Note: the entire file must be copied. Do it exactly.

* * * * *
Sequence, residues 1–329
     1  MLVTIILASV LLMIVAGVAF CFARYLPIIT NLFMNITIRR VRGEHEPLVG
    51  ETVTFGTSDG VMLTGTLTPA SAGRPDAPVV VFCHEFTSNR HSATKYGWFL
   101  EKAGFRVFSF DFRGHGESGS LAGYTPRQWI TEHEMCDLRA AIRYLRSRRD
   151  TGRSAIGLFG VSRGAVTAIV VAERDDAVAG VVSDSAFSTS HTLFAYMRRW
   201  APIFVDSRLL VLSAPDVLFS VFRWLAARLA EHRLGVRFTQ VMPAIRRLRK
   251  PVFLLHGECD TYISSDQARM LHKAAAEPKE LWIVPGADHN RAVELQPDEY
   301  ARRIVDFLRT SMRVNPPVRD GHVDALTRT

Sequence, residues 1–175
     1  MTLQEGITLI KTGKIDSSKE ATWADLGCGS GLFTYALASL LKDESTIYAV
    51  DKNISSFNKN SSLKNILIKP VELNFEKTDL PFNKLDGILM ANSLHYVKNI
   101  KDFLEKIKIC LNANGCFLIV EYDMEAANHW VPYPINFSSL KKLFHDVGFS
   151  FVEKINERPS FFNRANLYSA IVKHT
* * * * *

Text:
Sequence, residues 1–329
     1  MLVTIILASV LLMIVAGVAF CFARYLPIIT NLFMNITIRR VRGEHEPLVG
    51  ETVTFGTSDG VMLTGTLTPA SAGRPDAPVV VFCHEFTSNR HSATKYGWFL
   101  EKAGFRVFSF DFRGHGESGS LAGYTPRQWI TEHEMCDLRA AIRYLRSRRD
   151  TGRSAIGLFG VSRGAVTAIV VAERDDAVAG VVSDSAFSTS HTLFAYMRRW
   201  APIFVDSRLL VLSAPDVLFS VFRWLAARLA EHRLGVRFTQ VMPAIRRLRK
   251  PVFLLHGECD TYISSDQARM LHKAAAEPKE LWIVPGADHN RAVELQPDEY
   301  ARRIVDFLRT SMRVNPPVRD GHVDALTRT

Sequence, residues 1–175
     1  MTLQEGITLI KTGKIDSSKE ATWADLGCGS GLFTYALASL LKDESTIYAV
    51  DKNISSFNKN SSLKNILIKP VELNFEKTDL PFNKLDGILM ANSLHYVKNI
   101  KDFLEKIKIC LNANGCFLIV EYDMEAANHW VPYPINFSSL KKLFHDVGFS
   151  FVEKINERPS FFNRANLYSA IVKHT